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:: Monday, August 02, 2004 ::

I have referred to the principle of McElhinney's Media Dictum explicitly in the past eight months at my weblog Rerum Novarum. This is a long-held view of mine with regards to the major media outlets{1} and it may explain to my readers why I do not jump so readily on news stories from the major press not only as fountainheads of wisdom but also as accurate dispensers of facts on issues of a complex nature. The long and short of it is that the media is the last place anyone should expect to find these kinds of issues dealt with in a manner that respects the important variables and nuances that complex subject matter usually entails.

To formulate a working definition of the McElhinney Media Dictum is the purpose of this post. Though it has been paraphrased by me in recent months, if I were to ascribe a definition to the principle, it would read as follows:

The media, particularly the major outlets of the press --their pretensions of being "more enlightened than thou" notwithstanding-- seem almost inexorably to operate on a presuppositional foundation that is equal parts irresponsible fundamentalism and an unproven (but presumed a priori) empiricist outlook. Therefore, the more complex the variables of a particular position, argument, situation, problem, etc., the less they can be trusted to be reliable reporters of said positions, situations, arguments, etc. In summary, the media's propensity for error is in direct proportion to the intricacies of the particular position, argument, situation, problem, etc.{2}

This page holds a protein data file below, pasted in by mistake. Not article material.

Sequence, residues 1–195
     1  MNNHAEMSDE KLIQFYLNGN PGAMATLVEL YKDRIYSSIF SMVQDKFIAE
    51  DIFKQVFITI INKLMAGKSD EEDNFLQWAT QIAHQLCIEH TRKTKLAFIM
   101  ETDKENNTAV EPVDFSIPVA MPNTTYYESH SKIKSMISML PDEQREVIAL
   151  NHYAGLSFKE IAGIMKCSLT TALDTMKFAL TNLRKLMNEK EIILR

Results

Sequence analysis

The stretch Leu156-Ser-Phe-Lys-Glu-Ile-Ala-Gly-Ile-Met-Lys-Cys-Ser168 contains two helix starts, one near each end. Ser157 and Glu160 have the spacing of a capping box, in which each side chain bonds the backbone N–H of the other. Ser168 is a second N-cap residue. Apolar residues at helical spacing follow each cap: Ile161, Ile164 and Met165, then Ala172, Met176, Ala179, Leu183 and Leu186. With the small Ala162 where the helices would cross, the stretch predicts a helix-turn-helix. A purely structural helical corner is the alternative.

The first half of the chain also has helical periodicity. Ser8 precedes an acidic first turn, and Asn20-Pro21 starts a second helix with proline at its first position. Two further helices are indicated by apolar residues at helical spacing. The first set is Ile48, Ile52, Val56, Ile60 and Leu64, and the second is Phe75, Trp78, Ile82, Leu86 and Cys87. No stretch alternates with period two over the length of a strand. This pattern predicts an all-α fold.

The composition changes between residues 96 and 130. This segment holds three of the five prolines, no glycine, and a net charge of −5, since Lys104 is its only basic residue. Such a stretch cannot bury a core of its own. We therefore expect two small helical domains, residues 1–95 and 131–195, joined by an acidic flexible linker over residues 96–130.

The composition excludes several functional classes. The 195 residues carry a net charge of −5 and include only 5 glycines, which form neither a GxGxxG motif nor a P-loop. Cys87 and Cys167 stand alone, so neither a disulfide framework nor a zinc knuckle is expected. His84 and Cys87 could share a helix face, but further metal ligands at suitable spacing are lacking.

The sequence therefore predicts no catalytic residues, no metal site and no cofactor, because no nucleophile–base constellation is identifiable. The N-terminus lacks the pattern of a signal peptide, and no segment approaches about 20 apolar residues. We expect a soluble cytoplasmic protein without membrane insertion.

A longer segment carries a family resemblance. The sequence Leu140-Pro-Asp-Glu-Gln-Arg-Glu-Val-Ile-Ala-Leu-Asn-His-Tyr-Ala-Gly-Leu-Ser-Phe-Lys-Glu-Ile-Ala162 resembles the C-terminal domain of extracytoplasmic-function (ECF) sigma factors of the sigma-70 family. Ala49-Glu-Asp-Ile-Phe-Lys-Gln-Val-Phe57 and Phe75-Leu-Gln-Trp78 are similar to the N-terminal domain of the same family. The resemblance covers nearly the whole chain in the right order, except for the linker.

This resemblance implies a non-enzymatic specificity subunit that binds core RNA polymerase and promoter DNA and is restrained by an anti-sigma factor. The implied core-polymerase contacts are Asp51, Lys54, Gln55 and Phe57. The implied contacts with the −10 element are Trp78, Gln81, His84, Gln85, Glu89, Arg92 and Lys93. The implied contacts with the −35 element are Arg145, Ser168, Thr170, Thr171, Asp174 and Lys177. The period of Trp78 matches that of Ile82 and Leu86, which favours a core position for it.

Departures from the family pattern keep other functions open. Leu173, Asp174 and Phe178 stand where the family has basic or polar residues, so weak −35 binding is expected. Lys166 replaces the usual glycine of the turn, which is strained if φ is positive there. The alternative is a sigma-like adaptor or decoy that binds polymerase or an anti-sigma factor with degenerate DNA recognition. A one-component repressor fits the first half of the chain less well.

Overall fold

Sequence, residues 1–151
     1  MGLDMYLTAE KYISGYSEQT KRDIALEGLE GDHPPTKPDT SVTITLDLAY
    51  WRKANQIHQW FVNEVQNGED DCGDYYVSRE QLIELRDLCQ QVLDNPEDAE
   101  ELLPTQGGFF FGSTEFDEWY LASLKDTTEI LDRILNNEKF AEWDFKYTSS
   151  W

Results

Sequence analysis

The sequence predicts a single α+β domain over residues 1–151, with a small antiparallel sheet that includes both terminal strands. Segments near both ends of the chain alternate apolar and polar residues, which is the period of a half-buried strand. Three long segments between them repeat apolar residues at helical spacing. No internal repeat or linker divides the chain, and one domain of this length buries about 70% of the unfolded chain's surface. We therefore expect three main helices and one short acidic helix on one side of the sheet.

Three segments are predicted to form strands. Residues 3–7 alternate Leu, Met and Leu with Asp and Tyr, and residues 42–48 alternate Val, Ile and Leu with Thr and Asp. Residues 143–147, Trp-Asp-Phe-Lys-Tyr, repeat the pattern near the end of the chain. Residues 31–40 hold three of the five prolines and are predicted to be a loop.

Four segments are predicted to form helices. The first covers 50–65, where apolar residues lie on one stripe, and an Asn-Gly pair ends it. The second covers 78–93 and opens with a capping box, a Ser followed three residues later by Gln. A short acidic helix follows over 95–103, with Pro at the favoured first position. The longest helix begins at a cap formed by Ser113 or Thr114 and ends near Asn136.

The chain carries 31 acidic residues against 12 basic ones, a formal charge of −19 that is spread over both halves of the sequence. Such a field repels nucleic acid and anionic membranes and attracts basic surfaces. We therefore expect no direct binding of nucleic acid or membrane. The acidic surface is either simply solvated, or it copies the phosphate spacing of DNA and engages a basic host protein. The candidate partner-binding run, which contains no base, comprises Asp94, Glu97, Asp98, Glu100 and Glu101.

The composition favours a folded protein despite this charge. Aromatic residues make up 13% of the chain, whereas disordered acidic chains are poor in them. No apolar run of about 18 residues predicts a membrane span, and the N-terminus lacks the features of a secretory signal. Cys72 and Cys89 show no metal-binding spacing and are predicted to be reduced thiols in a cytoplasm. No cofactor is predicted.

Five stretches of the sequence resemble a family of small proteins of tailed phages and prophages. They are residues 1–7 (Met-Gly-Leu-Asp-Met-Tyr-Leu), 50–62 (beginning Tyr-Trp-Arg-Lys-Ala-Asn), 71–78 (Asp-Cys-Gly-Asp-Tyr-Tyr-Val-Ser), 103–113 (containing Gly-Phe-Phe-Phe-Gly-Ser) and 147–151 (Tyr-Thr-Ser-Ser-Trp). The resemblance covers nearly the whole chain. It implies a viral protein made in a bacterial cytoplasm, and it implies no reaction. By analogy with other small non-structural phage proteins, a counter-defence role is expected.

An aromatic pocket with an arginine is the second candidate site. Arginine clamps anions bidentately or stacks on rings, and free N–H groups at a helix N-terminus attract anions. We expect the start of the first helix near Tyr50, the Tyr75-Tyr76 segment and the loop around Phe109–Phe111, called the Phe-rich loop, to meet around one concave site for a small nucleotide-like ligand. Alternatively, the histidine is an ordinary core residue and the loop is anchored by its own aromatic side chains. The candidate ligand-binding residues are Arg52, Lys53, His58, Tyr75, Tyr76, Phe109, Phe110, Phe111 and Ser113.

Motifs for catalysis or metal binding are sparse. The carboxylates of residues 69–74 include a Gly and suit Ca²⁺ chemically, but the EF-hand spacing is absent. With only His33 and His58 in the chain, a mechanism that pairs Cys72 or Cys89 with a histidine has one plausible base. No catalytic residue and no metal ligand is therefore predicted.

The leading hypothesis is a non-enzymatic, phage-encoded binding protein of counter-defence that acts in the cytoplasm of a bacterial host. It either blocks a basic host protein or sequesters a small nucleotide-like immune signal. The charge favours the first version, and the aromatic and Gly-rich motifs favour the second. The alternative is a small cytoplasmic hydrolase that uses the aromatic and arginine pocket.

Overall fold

I have seen the above dictum vindicated so frequently throughout my life at sundry times and in divers matters that it has probably moved beyond the classification as a dictum and instead has attained the status of a proverb. Nonetheless, as I have referred to it by the above title for many years, the title will remain what it has been as long as I have had a conscious working notion of the phenomenon. Hopefully the above working definition provides a bit of clarification on understanding this principle and providing for the reader a glimpse into one of the elements that permeate my operative point of view.


{1} This is a view I have had implicitly for most of my life but explicitly it has formed a core part of my outlook on divers issues for about fifteen years.

{2} It should go without saying that this principle also applies to many of the major media outlets of any particular weltanschauung. Generally the more "mainstream" something is, the more simplified and bereft of essential details or nuances it inevitably is or will become. And as they say "God is often in the details."

:: Shawn 2:24 PM [+] ::


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